Itako on screen

the use of visual ethnography for understanding how these Japanese shamans are adapting to social change

  • Ilaria Vecchi


This article is based on my fieldwork with Itako shamans in the north-eastern part of Japan. The progressive modernisation of Japan at the expense of rural areas has also affected Tohoku, resulting in the ageing of the social fabric of its communities. Within this context, this article focusses on traditional and established activities practised by the blind female Itako shamans, who are going through a process of adaptation. Therefore, the article is concerned with this process and, in particular, on the methodology applied before and during my fieldwork experience of spending time, observing, having conversations, and filming these women in their everyday life. In the attempt to understand and document these shamans, I consider the use of visual ethnographic methods for understanding the changing aspects and their implications on the life of these women. While doing this, I also considered their communities and the area in which they live. I analyse this process by blending different methodologies such as visual methodology and digital visual ethnography and the critical religion approach proposed by Fitzgerald (2000). In addition, the paper will describe how I applied this methodology to provide a fresh look at these women and their daily activity.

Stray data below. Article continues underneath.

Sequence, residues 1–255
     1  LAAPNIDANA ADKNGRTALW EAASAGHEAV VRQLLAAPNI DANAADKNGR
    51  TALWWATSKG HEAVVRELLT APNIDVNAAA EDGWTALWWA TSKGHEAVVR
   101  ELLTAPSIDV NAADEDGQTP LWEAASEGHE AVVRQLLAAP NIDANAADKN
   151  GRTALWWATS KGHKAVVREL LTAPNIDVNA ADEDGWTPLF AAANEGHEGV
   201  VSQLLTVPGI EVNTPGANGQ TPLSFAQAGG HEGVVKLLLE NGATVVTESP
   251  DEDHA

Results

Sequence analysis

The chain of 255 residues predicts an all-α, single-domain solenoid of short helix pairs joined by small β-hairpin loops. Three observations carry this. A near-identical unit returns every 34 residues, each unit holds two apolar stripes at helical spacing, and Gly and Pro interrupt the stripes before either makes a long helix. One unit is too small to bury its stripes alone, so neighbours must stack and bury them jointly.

How to Cite
VECCHI, Ilaria. Itako on screen. Journal of the British Association for the Study of Religion (JBASR), [S.l.], v. 21, p. 76-91, jan. 2020. ISSN 2516-6379. Available at: <>. Date accessed: 29 mar. 2023. doi: